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RICHARD NATKIEL
ATLAS OF WORLD WAR II

Operation Extended Capital took the Allies across the Chindwin and on to Mandalay.

Flamethrower and rifle-equipped infantry of the United States Army prepare for action.

Control of Meiktila was to prove of crucial importance in the battle for Mandalay.


US troops pause on a Burmese jungle trail.

General Claire Chennault, whose 'Flying Tigers' struck at Japanese ground troops in China and Formosa.

China's struggle to repel the Japanese invaders.

China - An Erratic Ally

Japan's war on China predated World War II by several years, and by 1939 the aggressive island empire had seized control of China's richest areas. The 'sleeping giant' was especially vulnerable on account of the internal strife between the Nationalists (or Kuomintang) led by Generalissimo Chiang Kai-shek and Mao Tse-tung's Communists.

US General George C Marshall warned the Allies that Nationalist China must be propped up; otherwise, the Japanese Government could flee to China when the home islands were invaded - as was then planned - 'and continue the war on a great and rich land mass.' Throughout the war, the US shipped enormous quantities of supplies to China, first by the Burma Road, and after 1942 by air over the Himalayas - a dangerous route known as 'the Hump.' Chiang's position was strengthened by the creation of the US 14th Air Force, impressively commanded by Brigadier General Claire Chennault, which inflicted heavy damage on Japanese troops both in China and Formosa. General Joseph 'Vinegar Joe' Stilwell was sent in to help retrain the Chinese Army. However, many of the supplies destined for use against the Japanese were diverted into Chiang's war on the Communists; corruption flourished in his Nationalist Party.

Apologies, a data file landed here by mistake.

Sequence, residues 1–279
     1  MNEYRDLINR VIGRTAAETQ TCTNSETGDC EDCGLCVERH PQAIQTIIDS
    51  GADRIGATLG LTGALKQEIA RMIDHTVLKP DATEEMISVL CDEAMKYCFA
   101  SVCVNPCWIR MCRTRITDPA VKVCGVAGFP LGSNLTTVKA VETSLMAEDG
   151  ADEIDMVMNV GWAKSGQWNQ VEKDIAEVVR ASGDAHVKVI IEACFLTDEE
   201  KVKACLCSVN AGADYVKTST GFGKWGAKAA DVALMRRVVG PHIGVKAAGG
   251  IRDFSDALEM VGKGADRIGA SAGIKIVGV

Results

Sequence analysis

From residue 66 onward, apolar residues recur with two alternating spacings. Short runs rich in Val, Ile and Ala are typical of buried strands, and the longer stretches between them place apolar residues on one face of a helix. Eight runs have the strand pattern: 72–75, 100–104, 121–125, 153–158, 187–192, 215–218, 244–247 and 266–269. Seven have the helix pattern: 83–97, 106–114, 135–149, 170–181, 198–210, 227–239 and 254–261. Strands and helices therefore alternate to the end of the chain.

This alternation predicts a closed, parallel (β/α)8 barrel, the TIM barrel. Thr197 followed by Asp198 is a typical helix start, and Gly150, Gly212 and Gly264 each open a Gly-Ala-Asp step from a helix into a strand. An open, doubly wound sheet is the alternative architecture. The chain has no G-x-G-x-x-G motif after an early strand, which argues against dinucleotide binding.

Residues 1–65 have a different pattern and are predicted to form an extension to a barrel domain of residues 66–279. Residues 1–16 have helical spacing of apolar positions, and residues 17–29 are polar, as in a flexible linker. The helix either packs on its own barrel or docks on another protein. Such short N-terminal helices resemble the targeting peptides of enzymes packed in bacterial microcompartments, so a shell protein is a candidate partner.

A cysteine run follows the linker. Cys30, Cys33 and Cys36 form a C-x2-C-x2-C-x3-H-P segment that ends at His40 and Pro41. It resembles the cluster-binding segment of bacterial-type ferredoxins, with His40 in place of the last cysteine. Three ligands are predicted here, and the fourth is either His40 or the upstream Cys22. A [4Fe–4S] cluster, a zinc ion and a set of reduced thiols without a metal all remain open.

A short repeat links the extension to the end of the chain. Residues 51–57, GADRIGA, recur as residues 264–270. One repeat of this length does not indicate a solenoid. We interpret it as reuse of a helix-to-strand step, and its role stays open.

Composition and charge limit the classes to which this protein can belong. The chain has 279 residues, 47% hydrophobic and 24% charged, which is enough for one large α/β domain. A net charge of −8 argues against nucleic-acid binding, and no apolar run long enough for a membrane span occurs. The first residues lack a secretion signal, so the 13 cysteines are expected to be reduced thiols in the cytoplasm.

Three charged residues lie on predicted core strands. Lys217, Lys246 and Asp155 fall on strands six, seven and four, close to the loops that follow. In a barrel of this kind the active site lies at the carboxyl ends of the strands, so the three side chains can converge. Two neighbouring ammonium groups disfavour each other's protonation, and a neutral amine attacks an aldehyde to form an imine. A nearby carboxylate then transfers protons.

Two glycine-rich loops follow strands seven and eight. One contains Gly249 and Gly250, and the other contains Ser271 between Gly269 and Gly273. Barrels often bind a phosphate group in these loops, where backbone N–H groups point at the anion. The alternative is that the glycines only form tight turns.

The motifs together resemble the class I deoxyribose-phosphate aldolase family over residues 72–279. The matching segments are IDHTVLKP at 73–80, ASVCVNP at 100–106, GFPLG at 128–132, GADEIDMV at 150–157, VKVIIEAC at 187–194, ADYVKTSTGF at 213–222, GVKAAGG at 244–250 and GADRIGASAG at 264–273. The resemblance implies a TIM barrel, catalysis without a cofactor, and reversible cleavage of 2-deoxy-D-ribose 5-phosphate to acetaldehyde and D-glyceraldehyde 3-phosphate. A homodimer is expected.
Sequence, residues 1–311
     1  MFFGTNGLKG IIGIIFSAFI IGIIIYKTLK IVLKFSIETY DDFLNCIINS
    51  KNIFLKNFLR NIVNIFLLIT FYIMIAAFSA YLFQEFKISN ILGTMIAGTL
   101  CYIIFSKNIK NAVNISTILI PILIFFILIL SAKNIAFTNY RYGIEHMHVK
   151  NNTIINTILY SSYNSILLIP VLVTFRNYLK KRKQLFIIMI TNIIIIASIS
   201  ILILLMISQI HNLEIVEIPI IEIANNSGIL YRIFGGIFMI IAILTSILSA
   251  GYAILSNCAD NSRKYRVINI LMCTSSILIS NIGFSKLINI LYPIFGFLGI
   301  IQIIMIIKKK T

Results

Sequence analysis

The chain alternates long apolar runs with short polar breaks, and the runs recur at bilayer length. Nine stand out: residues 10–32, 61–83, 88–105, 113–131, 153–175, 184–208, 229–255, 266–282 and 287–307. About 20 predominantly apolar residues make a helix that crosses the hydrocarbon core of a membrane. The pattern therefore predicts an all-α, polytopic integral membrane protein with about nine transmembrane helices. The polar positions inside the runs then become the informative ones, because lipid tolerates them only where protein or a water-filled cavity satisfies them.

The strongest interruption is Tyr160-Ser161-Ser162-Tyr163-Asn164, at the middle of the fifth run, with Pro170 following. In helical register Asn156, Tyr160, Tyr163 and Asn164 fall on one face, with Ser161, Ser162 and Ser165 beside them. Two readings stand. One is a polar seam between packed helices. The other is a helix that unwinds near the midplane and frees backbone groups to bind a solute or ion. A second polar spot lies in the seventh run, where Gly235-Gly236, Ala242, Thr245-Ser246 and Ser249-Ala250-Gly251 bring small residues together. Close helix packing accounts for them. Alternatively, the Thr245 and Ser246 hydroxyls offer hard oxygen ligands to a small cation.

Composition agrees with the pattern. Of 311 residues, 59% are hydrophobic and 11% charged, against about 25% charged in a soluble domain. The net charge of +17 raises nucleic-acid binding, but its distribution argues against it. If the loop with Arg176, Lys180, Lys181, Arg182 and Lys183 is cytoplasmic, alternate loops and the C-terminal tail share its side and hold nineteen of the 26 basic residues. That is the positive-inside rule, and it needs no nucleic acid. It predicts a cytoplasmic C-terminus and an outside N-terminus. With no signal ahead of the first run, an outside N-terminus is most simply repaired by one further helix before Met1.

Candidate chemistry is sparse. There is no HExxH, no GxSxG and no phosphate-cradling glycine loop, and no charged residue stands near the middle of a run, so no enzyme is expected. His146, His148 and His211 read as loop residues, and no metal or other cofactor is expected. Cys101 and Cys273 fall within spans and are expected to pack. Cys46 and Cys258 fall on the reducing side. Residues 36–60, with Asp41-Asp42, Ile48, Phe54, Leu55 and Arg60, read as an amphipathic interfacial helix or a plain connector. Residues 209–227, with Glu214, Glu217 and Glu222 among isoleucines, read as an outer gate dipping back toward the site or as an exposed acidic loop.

US air strikes by Chennault's 'Flying Tigers' provoked a Japanese offensive against the airfields at Liuchow, Kweilin, Lingling and other sites in the spring of 1944. Chinese resistance did not hold up, as was often the case, and the loss of these bases hampered Allied operations until December. Meanwhile, a truce was patched up between the Communists and Nationalists, allowing greater activity against the Japanese, who renewed their offensive in 1945.

In the war's final year, Japanese General Okamura overextended the deployment of his China Expeditionary Army, and the Chinese were able to cut off the corridor to Indochina. They held this position for the duration, after which the Nationalists and the Communists promptly resumed their civil war.

Red Army sappers clear German barbed wire defenses.

Russia Finds Its Strength

The German Drive to the Volga

Germany's critical oil shortage was decisive in Hitler's first 1942 campaign plan for the Eastern Front. In April he instructed that the main effort was to be in southern Russia, where German forces must defeat the Red Army on the River Don and advance to the coveted Caucasian oil fields. For this campaign, Bock's Army Group South was reorganized into Army Groups A and B, A to undertake the Caucasus offensive and B to establish a protective front along the Don and go on to Stalingrad. The neutralization of 'Stalin's City' soon gained a compelling hold on Hitler's mind, despite his staffs objections to dividing the German effort before the Red Army had been shattered. Stalingrad was a major rail and river center, whose tank and armaments factories offered additional inducements to attack it.